10. JohnW

    JohnW

    22
    1
    Aug 2, 2017
    Believe me, new engineering on a boat is never that simple. It invariably means emptying cupboards, removing covers, floors, and introducing cables through channels that are already stuffed full.

    I am replacing an existing instrument that is no longer made. The cables are all in place.
     
  11. JohnW

    JohnW

    22
    1
    Aug 2, 2017
    I already have the battery voltage being measured. If the batteries were fully charged you could pick up the rise in voltage above, say 12.8 volts, but if the batteries were down for some reason then this would not be achieved for some time.

    And to the other contributor, the oil pressure transducer is an analogue one, and is also being measured. One objective is not to alarm for low oil pressure unless the engine has been running for aa few seconds.
     
  12. Externet

    Externet

    751
    164
    Aug 24, 2009
    If you do not like implementing an additional oil pressure sensor with a simple T fitting,


    [​IMG]

    attaching a microphone to the block is an alternative. They are also cheap, abundant, called automotive knock sensors. A circuit to amplify and handle time-to-response will give the desired delay to tell if the engine is running or not.
    [​IMG]
    ----> https://okystar.com/product-item/knock-sensor-knock-module-oky3438/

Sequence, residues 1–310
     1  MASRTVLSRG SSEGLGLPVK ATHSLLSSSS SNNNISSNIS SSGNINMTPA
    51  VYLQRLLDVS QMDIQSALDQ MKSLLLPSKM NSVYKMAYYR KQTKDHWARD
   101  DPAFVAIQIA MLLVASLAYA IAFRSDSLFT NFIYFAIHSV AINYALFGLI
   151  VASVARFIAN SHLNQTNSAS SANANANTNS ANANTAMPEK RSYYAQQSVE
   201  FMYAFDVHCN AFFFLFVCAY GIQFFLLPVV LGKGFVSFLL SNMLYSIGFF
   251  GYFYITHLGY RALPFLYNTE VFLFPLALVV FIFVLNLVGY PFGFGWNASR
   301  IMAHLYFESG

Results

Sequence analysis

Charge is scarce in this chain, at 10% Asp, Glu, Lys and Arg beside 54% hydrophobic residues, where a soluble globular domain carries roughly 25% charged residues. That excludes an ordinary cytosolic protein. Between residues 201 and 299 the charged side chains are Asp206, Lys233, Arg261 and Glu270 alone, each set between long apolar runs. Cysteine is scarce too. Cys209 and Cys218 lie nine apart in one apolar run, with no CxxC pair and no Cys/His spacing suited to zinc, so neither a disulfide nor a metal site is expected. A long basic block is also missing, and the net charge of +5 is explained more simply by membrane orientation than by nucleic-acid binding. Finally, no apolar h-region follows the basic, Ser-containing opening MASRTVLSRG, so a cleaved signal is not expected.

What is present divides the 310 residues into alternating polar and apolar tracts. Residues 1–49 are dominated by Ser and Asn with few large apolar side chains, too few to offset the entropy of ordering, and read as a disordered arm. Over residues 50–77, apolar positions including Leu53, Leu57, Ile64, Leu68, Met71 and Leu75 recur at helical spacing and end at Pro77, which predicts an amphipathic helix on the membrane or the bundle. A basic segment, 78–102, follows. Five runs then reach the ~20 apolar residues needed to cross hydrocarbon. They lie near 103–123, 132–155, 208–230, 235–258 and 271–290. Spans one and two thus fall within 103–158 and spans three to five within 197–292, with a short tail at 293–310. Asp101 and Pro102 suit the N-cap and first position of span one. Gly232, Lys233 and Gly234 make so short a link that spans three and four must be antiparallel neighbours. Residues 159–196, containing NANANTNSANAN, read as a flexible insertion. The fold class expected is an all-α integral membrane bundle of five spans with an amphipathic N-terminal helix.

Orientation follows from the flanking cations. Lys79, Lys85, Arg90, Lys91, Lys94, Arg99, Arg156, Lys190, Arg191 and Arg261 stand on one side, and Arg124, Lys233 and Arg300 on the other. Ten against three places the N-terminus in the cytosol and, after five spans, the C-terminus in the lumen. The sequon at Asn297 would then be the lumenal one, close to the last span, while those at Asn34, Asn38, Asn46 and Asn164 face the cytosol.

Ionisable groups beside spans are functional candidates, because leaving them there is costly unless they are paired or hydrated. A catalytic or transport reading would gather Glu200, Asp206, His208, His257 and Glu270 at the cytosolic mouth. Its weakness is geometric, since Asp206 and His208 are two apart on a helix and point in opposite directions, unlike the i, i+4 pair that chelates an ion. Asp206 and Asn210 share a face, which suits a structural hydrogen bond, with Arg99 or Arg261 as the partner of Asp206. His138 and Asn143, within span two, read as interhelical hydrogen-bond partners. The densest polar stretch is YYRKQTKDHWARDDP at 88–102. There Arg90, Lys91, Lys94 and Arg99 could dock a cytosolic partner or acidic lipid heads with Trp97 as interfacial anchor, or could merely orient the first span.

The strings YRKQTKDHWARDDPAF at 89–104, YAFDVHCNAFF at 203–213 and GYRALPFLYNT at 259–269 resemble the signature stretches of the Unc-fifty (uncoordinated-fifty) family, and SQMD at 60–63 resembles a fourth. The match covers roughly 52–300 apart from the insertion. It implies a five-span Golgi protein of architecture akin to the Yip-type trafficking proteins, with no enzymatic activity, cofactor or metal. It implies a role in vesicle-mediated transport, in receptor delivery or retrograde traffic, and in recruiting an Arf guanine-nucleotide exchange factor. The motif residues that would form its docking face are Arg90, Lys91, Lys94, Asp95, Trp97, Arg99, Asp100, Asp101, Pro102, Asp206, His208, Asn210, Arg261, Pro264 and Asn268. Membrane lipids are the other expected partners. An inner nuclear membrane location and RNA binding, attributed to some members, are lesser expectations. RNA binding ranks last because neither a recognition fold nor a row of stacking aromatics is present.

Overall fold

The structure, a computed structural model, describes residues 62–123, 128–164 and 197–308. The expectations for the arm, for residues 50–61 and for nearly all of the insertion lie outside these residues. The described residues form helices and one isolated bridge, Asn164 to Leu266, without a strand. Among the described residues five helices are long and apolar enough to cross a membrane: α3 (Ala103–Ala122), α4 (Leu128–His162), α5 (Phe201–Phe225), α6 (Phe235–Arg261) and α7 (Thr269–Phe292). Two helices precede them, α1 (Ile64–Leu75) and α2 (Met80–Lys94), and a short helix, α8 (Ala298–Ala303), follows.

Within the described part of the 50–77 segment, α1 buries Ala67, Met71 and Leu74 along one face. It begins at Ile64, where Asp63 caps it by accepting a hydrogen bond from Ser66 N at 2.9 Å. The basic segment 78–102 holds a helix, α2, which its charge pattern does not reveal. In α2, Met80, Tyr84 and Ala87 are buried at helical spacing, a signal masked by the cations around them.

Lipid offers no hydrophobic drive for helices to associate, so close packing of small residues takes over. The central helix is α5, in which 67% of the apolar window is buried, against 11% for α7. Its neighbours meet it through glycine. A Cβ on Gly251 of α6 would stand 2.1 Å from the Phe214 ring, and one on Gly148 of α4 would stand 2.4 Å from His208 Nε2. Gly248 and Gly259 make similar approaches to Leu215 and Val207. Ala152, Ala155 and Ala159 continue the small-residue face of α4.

Last edited: Aug 26, 2018
  13. JohnW

    JohnW

    22
    1
    Aug 2, 2017
    Alec,

    Indeed it does! Thanks very much for your input.

    I built your circuit just as it is. shown above. My testing is limited to a multivibrator presently running at around 400 Hz and feeding the capacitor with a 12 volt peak to peak square wave, that is fairly faithfully reproduced by the capacitor, clamped to near enough 0v. Obviously a sinusoidal input at a greater voltage will behave differently, but we will worry about that when I am on the boat.

    Initially I was seeing a triangular waveform at the junction of D1 and R2, and it was insufficient to saturate the transistor, so that a similar waveform appeared at the collector of Q1. I increased C2, I think I now have a 1uF (markings not great) which smoothed out the waveform. A larger capacitor (10 uF)did not in fact help. I then reduced R2 by degrees to 33K. In the end I had around 3 volts at C2/R2 and the transistor is fully on.

    I'll look at the alternator output and possibly put a diode at R1/D2 to dump any voltage above 5 volts.,,maybe this is better at D1/R2.

    I had tried a forward diode in the place of R2 and a resistor in place of D1, but that did not work!

    Thank you again for your help.
     
  14. Alec_t

    Alec_t

    2,904
    784
    Jul 7, 2015
    No, I didn't build the circuit. Glad you have it working with a few tweaks.
     
  15. binu_ji

    binu_ji

    1
    0
    Feb 17, 2020
    Hi john have you done it.